If we are to fully understand the impact of the first and third readings for the 32nd Sunday in Ordinary Time, we have to place them in the context of the spiritual poverty of today’s world. As we look at the underlying forces of the present age, we understand the explosive power of these two readings.
It’s been said that the predominant sin of the Western world today is sloth, which isn’t the same as laziness. St. Thomas defines sloth as “sorrow for spiritual good.” Many people today experience such a profound sorrow that acquiring spiritual good requires modifying their appetite for possessions, pleasures, power and self-will.
Why do some people drop out of Sunday Mass attendance? They don’t want to be reminded that spiritual joy comes from modifying their appetites for the goods of this world. They will engage in frenetic activity to keep them from thinking about the future.
Today’s greatest enablers of distraction are electronic media. This addiction is fueled by sorrow about spiritual goods, and the effort it takes to experience spiritual joy in practicing the virtues of the spiritual life.
People addicted to frenetic activity find quiet time unbearable. A person once said to me: “Why do we have quiet time after Holy Communion, because that is down time.” Quiet time is dangerous to the person who wants to continue to run from God.
The first and third readings speak powerfully about the exquisite joy that motivates those who believe in an afterlife with our God in heaven.
The first reading tells us of the Jewish mother and seven sons who were willing to undergo torture and death for the sake of their beliefs. Throughout these tortures, the mother encourages her sons to die rather than give up the faith. The brothers also encourage one another. Addressing the torturers, one of the brothers courageously says: “What do you expect to achieve by questioning us? We are ready to die rather than transgress the laws of our ancestors.”
These brave brothers were focused on the next world, and were glad to sacrifice everything in this world, including life, so that they might attain their reward in the next life.
Jesus addresses the same issue in the Gospel. The Sadducees did not believe in the next life. They used their false belief to mock belief in the next life. Quoting Moses, they said to Jesus: “If someone’s brother dies leaving a wife but no child, his brother must take the wife and raise up descendants for his brother.” They went on to ask, if this happens multiple times, whose wife will that woman be.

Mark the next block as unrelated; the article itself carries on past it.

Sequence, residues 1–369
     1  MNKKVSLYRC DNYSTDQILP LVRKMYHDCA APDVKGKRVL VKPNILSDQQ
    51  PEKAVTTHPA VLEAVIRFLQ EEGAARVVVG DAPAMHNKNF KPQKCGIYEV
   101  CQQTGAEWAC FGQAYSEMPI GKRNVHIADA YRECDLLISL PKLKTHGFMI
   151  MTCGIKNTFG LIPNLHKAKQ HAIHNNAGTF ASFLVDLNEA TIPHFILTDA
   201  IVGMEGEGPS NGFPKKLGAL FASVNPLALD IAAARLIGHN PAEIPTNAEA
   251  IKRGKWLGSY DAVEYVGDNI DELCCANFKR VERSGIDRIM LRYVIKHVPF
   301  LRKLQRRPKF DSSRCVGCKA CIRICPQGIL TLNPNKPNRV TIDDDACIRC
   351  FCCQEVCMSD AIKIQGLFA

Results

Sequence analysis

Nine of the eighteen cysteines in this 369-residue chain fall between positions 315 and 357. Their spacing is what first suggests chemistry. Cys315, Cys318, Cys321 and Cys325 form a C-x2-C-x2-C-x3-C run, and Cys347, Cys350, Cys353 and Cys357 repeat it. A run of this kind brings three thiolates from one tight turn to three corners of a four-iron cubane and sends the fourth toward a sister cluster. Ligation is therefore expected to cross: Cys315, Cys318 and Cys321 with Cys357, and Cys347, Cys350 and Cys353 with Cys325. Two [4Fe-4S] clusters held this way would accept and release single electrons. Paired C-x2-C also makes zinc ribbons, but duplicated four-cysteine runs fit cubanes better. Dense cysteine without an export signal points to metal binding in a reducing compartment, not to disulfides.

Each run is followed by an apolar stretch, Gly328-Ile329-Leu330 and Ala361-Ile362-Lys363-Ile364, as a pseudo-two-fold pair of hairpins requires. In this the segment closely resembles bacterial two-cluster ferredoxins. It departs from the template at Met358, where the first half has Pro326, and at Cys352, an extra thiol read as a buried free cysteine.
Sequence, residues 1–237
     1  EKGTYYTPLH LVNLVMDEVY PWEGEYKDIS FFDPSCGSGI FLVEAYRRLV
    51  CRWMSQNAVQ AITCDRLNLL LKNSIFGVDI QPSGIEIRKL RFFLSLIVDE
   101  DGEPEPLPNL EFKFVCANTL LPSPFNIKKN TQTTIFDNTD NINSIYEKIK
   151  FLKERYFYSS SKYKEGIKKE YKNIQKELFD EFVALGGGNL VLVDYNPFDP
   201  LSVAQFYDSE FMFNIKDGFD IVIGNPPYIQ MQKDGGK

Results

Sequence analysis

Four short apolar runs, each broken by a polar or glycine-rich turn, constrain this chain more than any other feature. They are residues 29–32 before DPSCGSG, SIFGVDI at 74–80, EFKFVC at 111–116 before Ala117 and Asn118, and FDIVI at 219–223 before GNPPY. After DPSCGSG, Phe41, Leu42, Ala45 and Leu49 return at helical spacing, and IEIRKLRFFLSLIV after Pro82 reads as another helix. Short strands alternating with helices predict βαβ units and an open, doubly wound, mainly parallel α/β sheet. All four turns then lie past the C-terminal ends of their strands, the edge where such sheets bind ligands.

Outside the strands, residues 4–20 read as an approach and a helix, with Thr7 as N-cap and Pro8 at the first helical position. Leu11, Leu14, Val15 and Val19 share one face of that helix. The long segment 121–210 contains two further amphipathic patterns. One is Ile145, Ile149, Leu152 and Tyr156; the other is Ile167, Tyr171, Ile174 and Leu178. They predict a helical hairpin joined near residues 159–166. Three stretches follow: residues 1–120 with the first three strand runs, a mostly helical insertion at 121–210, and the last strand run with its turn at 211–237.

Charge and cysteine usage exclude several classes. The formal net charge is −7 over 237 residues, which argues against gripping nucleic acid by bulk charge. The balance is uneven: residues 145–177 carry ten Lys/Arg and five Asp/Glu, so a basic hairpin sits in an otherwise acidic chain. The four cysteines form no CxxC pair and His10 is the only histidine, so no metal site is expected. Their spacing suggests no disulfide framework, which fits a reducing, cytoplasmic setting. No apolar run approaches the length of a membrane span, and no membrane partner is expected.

Jesus answered that in the coming age there will be no marrying, nor will there be any birthing or dying. “They can no longer die, for they are like angels; and they are the children of God because they are the ones who will rise.”
He continues: “That the dead will rise even Moses made known in the passage about the bush, when he called ‘Lord,’ the God of Abraham, the God of Isaac, and the God of Jacob; and He is not God of the dead, but of the living, for to Him all are alive.”
So how can we help those who have drifted away from church attendance and the spiritual life? Begin with St. Paul in the second reading: “May our Lord Jesus Christ Himself and God our Father, who has loved us and given us everlasting encouragement and good hope through His grace, encourage your hearts and strengthen them in every good deed and word.”
For starters, keep living the faith you have been living. This should include among other things fidelity to the Mass and sacraments, above all Sunday Mass attendance. It should also include daily prayer, either the Rosary or reflections on the Scriptures, or both. This is a most powerful witness to others. They will see Jesus in your face; they will hear Him in your voice; and they will see Him in your actions. They are observing you every time they see you. Your good actions bother their consciences. Seeing your spiritual joy, which is a participation in the life of God, has a profound effect on them.
Secondly, pray for them daily. As you intercede for them, visualize Jesus reaching out to them through others. This is powerful! Remember when the four men brought the paralytic to Jesus? “Seeing their faith, Jesus said to the paralytic, ‘Rise up and walk!’”
Finally, befriend them. Get involved with them socially. If they have problems, they may confide in you. Offer them hope and your prayers for their intentions. If they have great sorrow in their lives, console them with your friendship and prayers.
These people are not bad, but lost and adrift in the cares and concerns of this world. They need hope and encouragement. They need someone to help bring the spark back into their lives.
If appropriate, share a time in your life when your spirits were low, and life seemed so demanding. What helped you then? Did someone reach out to you? Did someone share some helpful Scriptures with you? Did you rediscover your fire in a parish renewal weekend or a retreat?
Know that Jesus will reward you with great joy in helping Him to bring others back to Him. Take these thoughts to prayer, and then, “Do whatever He tells you.”